When Minor Threat folded most people would have thought ‘well that’s the end of that then’. Most great bands do not reincarnate in a better guise – then again, Fugazi aren’t most bands.
With a low price point and low-key vibe the band did things their own way and deserve all the credit they thankfully do actually get. Distributed by Dischord these records never found their way into Woolworths due to the way the music industry worked pre-Internet.
The first four Fugazi releases are essential records. I was lucky to catch the band from the off and they are responsible for some of the best live performances I have ever seen.
In November, 1988, the band released their 1st E.P. simply called ‘Fugazi’. Needing no bedding in period Fugazi were great from the off.
Waiting Room is often cited as the bands finest song. I disagree and can never see past ‘Blueprint’ as the bands best ever song. Bass heavy and almost ‘dubby’ the song attracted ‘Ruts’ comparisons that I have never totally understood. It is a mighty fine song.
Bulldog Front with its softer approach builds and serves to show the dynamics Fugazi had even at a very early stage. The contrast between Guy Picciotto and Ian MacKaye sees the song charge with real organic power.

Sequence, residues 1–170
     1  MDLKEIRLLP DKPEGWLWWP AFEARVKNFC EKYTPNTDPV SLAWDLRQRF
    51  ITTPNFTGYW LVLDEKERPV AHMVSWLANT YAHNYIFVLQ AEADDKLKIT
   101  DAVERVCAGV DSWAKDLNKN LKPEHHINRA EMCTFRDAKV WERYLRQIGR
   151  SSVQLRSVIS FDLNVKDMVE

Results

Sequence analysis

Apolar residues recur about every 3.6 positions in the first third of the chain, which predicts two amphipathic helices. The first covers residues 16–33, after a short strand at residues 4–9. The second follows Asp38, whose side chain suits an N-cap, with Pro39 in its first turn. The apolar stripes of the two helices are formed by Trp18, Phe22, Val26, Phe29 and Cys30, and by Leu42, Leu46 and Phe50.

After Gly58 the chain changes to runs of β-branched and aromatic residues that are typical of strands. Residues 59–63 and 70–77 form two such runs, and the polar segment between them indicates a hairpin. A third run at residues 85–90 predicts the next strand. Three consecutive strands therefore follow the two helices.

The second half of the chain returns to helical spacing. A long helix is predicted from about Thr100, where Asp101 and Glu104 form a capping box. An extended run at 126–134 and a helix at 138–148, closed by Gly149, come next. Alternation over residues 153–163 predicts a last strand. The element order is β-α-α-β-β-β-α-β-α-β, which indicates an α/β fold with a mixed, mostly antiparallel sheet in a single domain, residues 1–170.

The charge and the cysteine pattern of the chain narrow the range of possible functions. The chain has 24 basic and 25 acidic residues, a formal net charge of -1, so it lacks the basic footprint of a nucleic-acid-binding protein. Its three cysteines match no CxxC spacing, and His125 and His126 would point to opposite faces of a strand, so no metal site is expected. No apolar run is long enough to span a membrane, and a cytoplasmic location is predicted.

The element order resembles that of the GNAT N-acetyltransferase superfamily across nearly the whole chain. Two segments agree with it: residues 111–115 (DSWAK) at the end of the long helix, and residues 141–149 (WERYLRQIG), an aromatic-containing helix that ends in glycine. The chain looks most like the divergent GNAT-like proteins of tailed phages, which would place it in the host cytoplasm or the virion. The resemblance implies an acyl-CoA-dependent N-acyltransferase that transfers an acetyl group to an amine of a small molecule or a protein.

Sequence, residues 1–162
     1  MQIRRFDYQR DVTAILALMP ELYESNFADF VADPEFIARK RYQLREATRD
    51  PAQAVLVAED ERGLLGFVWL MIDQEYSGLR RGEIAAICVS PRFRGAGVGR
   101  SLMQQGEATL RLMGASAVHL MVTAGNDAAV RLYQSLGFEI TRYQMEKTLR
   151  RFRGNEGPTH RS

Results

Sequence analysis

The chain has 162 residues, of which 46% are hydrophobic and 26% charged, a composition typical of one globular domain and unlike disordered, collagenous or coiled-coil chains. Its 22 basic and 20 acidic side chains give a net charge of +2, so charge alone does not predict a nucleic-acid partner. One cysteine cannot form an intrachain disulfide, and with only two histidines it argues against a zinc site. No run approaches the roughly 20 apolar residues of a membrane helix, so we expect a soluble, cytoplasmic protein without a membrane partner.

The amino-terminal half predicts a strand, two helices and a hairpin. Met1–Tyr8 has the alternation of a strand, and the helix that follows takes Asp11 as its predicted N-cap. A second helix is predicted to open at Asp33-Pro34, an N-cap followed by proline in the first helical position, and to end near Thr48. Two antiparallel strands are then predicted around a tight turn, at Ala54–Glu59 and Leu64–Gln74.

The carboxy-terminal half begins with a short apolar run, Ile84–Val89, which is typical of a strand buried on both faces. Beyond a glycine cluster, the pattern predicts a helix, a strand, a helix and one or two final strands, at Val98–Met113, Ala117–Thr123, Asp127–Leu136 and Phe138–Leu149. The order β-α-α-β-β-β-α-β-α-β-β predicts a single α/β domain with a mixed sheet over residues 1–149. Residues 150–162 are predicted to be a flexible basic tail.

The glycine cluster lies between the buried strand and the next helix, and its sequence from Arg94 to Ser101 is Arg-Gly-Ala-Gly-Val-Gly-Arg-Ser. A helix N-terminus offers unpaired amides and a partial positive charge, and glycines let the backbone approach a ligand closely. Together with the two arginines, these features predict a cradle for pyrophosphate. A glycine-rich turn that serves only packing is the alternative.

Bad Mouth builds and builds before holding off and building with yet more power. Lyrically the “there’s no movement” line did not reflect the most chaotically brilliant live shows that accompanied the E.P.’s release. A stormer of a song.
Burning is a slow burner. Fugazi would build tension at gigs with charging music – the like of which I have heard few other bands ever muster.
Give Me The Cure was the showstopper at Fugazi gigs pre ‘Blueprint’ – it is almost as good – and one of the greatest post hardcore songs ever recorded. The rattle and charge continually racks up and up. The vocal duties split and the song explodes the pent-up tension the E.P. so far has provided. It’s a stone cold classic. Listen to it loud. It has not aged one jot.
Suggestion tackles a brave subject well. Post hardcore, near reggae the song tackles rape, fear and freedom. That is a heady mix but Fugazi were in a unique position to pull this off (which they do) and make you think at the same time. The song makes you feel shameful without preaching. Closely examining attitudes towards women in achieve as its sombre last notes play out. In an era when ‘macho-rock’ was on the rise this was a very welcome and well delivered antidote.
Glue Man closes the Fugazi E.P. with ghosty echoes of the sounds and themes the E.P has touched upon. Vocals are there, they become indecipherable and feedback takes over.
The E.P. saw the start of a band that really could have been all conquering. Despite the ‘Indie Label’ they have sold very well and, although these days I seldom listen to them, when I do I am reminded of just what a great band they were every single time and kick myself for not listening to them more…